Reference > Anatomy of the Human Body > Page 944
Henry Gray (1825–1861).  Anatomy of the Human Body.  1918.
  The dorsal antibrachial cutaneous nerve (n. cutaneus antibrachii dorsalis; external cutaneous branch of musculospiral) perforates the lateral head of the Triceps brachii at its attachment to the humerus. The upper and smaller branch of the nerve passes to the front of the elbow, lying close to the cephalic vein, and supplies the skin of the lower half of the arm (Fig. 811). The lower branch pierces the deep fascia below the insertion of the Deltoideus, and descends along the lateral side of the arm and elbow, and then along the back of the forearm to the wrist, supplying the skin in its course, and joining, near its termination, with the dorsal branch of the lateral antibrachial cutaneous nerve (Fig. 813).
  The Superficial Branch of the Radial Nerve (ramus superficialis radial nerve) passes along the front of the radial side of the forearm to the commencement of its lower third. It lies at first slightly lateral to the radial artery, concealed beneath the Brachioradialis. In the middle third of the forearm, it lies behind the same muscle, close to the lateral side of the artery. It quits the artery about 7 cm. above the wrist, passes beneath the tendon of the Brachioradialis, and, piercing the deep fascia, divides into two branches (Fig. 813).
  The lateral branch, the smaller, supplies the skin of the radial side and ball of the thumb, joining with the volar branch of the lateral antibrachial cutaneous nerve.
  The medial branch communicates, above the wrist, with the dorsal branch of the lateral antibrachial cutaneous, and, on the back of the hand, with the dorsal branch of the ulnar nerve. It then divides into four digital nerves, which are distributed as follows: the first supplies the ulnar side of the thumb; the second, the radial side of the index finger; the third, the adjoining sides of the index and middle fingers; the fourth communicates with a filament from the dorsal branch of the ulnar nerve, and supplies the adjacent sides of the middle and ring fingers. 1
  The Deep Branch of the Radial Nerve (n. interosseus dorsalis; dorsal or posterior interosseous nerve) winds to the back of the forearm around the lateral side of the radius between the two planes of fibers of the Supinator, and is prolonged downward between the superficial and deep layers of muscles, to the middle of the forearm. Considerably diminished in size, it descends, as the dorsal interosseous nerve, on the interosseous membrane, in front of the Extensor pollicis longus, to the back of the carpus, where it presents a gangliform enlargement from which filaments are distributed to the ligaments and articulations of the carpus. It supplies all the muscles on the radial side and dorsal surface of the forearm, excepting the Anconæus, Brachioradialis, and Extenosr carpi radialis longus.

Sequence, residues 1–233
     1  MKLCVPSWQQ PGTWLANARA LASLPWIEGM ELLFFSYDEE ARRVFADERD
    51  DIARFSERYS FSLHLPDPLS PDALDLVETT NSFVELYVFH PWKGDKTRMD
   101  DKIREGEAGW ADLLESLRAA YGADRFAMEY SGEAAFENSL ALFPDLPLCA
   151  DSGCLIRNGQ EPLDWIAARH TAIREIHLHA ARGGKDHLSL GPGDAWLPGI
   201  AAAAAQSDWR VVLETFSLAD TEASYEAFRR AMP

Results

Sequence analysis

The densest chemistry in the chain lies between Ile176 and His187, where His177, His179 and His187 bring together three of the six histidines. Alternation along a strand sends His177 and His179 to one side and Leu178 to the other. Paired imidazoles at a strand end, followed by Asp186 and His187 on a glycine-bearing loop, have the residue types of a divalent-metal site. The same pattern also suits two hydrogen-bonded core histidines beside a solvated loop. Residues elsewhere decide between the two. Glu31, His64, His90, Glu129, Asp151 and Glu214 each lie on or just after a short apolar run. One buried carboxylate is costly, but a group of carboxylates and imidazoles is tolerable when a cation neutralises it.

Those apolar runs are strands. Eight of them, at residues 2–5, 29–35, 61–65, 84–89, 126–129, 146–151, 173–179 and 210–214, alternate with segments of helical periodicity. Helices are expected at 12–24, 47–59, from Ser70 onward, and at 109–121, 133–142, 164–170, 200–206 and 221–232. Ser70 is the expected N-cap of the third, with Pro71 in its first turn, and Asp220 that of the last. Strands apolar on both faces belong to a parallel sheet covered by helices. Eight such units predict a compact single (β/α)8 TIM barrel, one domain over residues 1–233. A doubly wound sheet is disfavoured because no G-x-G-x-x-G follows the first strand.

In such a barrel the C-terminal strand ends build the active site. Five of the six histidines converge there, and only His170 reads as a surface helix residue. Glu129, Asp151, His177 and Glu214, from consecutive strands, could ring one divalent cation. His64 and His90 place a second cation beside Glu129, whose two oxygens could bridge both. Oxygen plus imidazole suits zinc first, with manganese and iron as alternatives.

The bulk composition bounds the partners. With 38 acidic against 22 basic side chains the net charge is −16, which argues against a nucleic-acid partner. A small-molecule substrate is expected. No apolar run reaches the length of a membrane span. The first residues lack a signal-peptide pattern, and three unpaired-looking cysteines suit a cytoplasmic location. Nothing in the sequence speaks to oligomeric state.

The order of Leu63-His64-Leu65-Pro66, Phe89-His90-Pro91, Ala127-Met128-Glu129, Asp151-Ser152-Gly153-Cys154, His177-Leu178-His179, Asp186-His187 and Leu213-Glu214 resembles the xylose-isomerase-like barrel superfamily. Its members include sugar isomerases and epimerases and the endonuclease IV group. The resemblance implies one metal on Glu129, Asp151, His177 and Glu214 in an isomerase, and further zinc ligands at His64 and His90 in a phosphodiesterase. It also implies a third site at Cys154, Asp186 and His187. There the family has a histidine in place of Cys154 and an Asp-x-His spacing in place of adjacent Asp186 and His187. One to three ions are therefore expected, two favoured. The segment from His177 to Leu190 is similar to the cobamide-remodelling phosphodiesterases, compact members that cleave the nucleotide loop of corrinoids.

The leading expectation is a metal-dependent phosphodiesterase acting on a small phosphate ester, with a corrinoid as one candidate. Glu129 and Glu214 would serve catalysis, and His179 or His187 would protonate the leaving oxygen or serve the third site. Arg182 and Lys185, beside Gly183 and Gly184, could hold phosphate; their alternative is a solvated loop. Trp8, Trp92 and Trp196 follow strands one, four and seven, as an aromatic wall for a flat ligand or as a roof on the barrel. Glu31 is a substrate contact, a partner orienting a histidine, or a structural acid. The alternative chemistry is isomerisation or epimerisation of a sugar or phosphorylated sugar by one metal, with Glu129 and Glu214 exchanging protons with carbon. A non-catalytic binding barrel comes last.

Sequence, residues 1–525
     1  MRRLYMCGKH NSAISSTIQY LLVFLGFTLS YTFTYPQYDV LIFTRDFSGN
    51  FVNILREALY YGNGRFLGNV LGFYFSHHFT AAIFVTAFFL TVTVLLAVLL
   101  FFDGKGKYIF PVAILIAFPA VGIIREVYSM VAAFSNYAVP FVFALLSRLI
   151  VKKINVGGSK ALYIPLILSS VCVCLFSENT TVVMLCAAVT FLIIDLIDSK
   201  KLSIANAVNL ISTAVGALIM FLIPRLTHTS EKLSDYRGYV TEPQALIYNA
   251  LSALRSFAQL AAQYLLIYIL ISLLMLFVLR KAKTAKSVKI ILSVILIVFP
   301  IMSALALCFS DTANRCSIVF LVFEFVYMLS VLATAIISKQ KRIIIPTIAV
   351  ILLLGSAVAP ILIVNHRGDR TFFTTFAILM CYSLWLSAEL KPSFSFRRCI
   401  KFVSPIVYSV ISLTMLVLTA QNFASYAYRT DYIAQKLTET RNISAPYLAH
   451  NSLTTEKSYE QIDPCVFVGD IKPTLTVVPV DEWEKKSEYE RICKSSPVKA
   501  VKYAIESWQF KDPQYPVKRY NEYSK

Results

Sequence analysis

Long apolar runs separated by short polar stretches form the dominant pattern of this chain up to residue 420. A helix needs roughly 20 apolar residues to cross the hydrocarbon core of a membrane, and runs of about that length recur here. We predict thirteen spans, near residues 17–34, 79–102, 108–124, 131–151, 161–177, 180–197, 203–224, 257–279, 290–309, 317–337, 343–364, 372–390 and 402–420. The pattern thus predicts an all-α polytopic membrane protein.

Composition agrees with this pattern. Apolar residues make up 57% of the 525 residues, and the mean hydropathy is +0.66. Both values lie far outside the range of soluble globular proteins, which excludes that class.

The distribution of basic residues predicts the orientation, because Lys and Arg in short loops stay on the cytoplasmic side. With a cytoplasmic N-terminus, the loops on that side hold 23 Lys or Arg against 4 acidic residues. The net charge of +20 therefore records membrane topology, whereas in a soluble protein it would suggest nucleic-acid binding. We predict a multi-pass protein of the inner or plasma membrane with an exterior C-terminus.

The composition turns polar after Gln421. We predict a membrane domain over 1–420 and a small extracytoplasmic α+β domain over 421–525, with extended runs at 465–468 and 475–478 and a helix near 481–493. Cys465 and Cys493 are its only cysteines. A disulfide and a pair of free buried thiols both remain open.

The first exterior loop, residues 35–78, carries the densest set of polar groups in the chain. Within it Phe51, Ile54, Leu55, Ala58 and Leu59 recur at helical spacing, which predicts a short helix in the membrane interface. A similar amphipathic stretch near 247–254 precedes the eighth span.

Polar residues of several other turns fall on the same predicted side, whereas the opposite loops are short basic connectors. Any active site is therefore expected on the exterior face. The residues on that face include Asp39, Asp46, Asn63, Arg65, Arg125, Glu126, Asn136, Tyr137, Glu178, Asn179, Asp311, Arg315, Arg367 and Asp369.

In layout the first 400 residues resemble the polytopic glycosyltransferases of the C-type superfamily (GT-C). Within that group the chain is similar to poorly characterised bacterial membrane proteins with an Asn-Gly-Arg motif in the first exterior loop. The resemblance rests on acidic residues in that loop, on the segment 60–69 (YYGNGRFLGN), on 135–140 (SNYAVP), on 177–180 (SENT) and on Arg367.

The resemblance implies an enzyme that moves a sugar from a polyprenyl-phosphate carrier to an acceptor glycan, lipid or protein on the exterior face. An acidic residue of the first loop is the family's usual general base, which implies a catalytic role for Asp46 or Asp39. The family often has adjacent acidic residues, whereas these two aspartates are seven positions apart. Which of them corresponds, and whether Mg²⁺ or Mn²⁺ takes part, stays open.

6c. The Thoracic Nerves
(NN. Thoracales)

The anterior divisions of the thoracic nerves (rami anteriores; ventral divisions) are twelve in number on either side. Eleven of them are situated between the ribs, and are therefore termed intercostal; the twelfth lies below the last rib. Each nerve is connected with the adjoining ganglion of the sympathetic trunk by a gray and a white ramus communicans. The intercostal nerves are distributed chiefly to the parietes of the thorax and abdomen, and differ from the anterior divisions of the other spinal nerves, in that each pursues an independent course, i. e., there is no plexus formation. The first two nerves supply fibers to the upper limb in addition to their thoracic branches; the next four are limited in their distribution to the parietes of the thorax; the lower five supply the parietes of the thorax and abdomen. The twelfth thoracic is distributed to the abdominal wall and the skin of the buttock.
Note 1.  According to Hutchison, the digital nerve to the thumb reaches only as high as the root of the nail; the one to the forefinger as high as the middle of the second phalanx; and the one to the middle and ring fingers not higher than the first phalangeal joint.—London Hosp. Gaz., iii, 319. [back]


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